USPS Supervisors Are Doing Work Reserved for Unionized Employees, Costing Agency Millions

Toby Talbot/AP file photo

The U.S. Postal Service is allowing salaried supervisors to conduct work set aside for union employees, according to a new report, forcing the agency to waste millions of dollars annually on unnecessary payments.

An agreement between the American Postal Workers Union and USPS in 2014 that settled a 40-year dispute between labor and management capped the number of hours a postmaster or supervisor at certain post offices can spend performing work typically reserved for bargaining unit employees at 15 per week. When the management workers surpass that threshold, the Postal Service is forced to pay the corresponding hourly wages to a clerk picked out by the union.

Even if that employee was on leave or would therefore be collecting overtime, USPS must make the payment.

The USPS inspector general released a management advisory report on Monday that found postmasters and supervisors worked 83,000 hours over the threshold in the first nine months since the agreement was reached in late 2014, which has cost the Postal Service $11.2 million in payments to clerks. The IG said the payments were, in some cases, “unnecessary and fraudulent.”

Individual clerks earned up to nearly $32,000 in hourly pay they did not work, the IG found. The payments occurred in more than 90 percent of Postal Service districts.

The inspector general gave postal management some credit for reducing the overages; supervisors spent 65 percent fewer hours doing bargaining unit work from Oct. 1, 2015 to March 1, 2016.

Still, the auditors said postal management “did not effectively manage workhours for postmasters and supervisors performing bargaining unit work to ensure they complied with the agreement and controlled costs.”

USPS took issue with that suggestion, saying the agency has worked since the days after the APWU agreement to develop processes to ensure supervisors and postmasters stayed within the agreed upon threshold. The IG disagreed, saying management’s initial communication efforts were ineffective and it must monitor staffing, workhours and payments to reduce unnecessary payments.

To that end, the IG recommended the Postal Service fill vacancies so managers are not required to do clerk work and provide clearer guidance to its field network. Even when the supervisors cross the threshold, USPS can in some cases avoid the payments to unionized clerks if it is determined the work was conducted during an emergency -- a provision the IG said USPS has ignored. 

Stay up-to-date with federal news alerts and analysis — Sign up for GovExec's email newsletters.
Close [ x ] More from GovExec

Thank you for subscribing to newsletters from
We think these reports might interest you:

  • Forecasting Cloud's Future

    Conversations with Federal, State, and Local Technology Leaders on Cloud-Driven Digital Transformation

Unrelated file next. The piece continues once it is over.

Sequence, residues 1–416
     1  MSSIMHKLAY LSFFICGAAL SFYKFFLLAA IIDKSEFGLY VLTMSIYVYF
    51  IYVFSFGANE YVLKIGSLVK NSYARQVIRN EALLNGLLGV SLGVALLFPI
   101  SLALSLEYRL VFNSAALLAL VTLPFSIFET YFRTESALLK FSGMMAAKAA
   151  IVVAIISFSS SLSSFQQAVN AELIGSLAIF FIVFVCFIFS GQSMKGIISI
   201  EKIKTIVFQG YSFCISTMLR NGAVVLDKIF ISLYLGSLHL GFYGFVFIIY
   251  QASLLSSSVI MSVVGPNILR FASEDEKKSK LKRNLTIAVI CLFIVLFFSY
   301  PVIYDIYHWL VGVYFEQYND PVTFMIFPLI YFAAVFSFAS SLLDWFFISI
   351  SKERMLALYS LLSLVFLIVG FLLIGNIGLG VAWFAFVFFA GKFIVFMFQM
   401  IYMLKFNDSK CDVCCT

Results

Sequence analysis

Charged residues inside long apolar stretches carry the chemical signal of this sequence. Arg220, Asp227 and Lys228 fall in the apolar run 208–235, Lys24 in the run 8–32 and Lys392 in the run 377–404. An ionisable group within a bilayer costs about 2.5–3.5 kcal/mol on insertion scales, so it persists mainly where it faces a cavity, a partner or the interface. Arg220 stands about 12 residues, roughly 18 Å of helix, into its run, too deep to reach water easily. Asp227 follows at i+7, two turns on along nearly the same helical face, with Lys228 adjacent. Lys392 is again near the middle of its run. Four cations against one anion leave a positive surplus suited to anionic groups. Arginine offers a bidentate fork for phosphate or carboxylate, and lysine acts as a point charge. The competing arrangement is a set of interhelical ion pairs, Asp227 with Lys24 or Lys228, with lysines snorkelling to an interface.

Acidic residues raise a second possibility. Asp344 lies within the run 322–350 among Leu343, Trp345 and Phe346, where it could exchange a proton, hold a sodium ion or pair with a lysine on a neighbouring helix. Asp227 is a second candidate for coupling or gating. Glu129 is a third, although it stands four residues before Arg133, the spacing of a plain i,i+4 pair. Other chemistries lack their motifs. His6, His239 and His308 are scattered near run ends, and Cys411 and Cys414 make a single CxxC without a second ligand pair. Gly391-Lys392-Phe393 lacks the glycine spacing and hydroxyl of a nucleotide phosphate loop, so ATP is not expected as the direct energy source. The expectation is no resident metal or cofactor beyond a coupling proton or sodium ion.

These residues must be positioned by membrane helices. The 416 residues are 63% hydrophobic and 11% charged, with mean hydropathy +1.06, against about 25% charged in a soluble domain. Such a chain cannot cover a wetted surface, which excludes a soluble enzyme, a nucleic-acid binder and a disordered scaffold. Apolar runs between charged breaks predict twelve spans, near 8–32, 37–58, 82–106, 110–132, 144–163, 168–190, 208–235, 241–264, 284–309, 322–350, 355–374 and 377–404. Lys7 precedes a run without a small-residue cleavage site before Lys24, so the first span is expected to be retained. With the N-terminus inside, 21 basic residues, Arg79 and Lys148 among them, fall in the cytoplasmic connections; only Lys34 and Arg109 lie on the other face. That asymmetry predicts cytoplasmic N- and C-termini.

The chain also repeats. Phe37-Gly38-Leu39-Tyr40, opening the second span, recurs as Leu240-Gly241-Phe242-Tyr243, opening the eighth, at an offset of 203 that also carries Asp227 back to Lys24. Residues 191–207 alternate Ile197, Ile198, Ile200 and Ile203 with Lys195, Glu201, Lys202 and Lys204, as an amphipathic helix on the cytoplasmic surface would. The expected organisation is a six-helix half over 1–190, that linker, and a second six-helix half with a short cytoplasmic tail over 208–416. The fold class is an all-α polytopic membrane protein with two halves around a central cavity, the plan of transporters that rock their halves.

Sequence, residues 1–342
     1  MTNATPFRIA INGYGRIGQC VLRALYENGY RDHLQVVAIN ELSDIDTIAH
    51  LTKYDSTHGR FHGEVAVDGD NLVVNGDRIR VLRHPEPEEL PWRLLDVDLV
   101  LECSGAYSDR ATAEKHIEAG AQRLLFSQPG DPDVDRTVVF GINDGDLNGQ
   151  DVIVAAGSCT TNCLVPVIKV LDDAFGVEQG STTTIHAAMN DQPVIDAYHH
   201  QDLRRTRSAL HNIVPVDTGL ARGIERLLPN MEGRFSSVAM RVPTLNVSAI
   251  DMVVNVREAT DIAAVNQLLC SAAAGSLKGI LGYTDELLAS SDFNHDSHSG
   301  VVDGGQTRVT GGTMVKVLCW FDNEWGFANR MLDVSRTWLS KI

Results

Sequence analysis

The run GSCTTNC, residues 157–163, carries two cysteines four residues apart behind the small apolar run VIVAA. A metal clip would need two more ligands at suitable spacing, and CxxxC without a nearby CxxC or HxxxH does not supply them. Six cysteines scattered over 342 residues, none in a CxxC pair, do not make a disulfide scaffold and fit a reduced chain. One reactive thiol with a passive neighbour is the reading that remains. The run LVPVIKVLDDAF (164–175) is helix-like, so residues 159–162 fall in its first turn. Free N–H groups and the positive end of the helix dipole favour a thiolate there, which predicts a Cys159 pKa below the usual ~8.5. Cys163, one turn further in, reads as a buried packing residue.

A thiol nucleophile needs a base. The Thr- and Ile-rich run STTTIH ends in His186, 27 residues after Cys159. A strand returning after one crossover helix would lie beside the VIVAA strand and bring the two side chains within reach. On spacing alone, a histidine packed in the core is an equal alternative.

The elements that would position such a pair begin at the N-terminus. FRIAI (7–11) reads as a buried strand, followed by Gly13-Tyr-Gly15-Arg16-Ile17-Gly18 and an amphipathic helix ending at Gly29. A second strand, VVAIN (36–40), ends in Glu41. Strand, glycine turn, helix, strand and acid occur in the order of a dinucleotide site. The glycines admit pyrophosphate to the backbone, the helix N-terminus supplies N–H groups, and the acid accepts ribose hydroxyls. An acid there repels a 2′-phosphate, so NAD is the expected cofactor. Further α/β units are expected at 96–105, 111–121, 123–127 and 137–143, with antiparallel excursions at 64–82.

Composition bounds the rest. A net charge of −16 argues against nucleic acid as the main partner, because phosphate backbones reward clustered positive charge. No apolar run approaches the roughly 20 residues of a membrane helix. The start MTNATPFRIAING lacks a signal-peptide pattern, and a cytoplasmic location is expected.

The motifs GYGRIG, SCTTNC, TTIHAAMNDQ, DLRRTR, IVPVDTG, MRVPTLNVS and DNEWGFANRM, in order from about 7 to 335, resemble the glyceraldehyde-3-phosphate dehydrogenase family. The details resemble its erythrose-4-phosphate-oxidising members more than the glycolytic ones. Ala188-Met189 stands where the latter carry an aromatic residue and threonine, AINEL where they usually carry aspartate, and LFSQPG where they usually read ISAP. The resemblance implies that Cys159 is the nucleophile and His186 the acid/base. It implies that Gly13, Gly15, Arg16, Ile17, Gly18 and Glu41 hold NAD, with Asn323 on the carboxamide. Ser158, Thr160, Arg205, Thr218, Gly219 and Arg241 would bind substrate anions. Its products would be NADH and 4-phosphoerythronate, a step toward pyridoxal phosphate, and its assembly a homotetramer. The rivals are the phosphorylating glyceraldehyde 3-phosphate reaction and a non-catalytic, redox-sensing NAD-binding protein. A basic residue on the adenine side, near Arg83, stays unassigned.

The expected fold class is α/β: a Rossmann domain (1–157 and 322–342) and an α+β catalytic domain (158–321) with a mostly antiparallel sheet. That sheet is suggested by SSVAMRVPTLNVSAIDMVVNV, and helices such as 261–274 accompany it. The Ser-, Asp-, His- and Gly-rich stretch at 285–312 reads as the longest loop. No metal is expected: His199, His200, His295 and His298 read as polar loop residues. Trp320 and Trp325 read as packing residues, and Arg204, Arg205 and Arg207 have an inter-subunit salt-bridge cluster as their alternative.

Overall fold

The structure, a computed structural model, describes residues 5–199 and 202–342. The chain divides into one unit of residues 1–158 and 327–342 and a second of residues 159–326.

• The Big Data Campaign Trail

    With everyone so focused on security following recent breaches at federal, state and local government and education institutions, there has been little emphasis on the need for better operations. This report breaks down some of the biggest operational challenges in IT management and provides insight into how agencies and leaders can successfully solve some of the biggest lingering government IT issues.

  • Communicating Innovation in Federal Government

    Federal Government spending on ‘obsolete technology’ continues to increase. Supporting the twin pillars of improved digital service delivery for citizens on the one hand, and the increasingly optimized and flexible working practices for federal employees on the other, are neither easy nor inexpensive tasks. This whitepaper explores how federal agencies can leverage the value of existing agency technology assets while offering IT leaders the ability to implement the kind of employee productivity, citizen service improvements and security demanded by federal oversight.

  • IT Transformation Trends: Flash Storage as a Strategic IT Asset

    MIT Technology Review: Flash Storage As a Strategic IT Asset For the first time in decades, IT leaders now consider all-flash storage as a strategic IT asset. IT has become a new operating model that enables self-service with high performance, density and resiliency. It also offers the self-service agility of the public cloud combined with the security, performance, and cost-effectiveness of a private cloud. Download this MIT Technology Review paper to learn more about how all-flash storage is transforming the data center.

  • Ongoing Efforts in Veterans Health Care Modernization

    This report discusses the current state of veterans health care


When you download a report, your information may be shared with the underwriters of that document.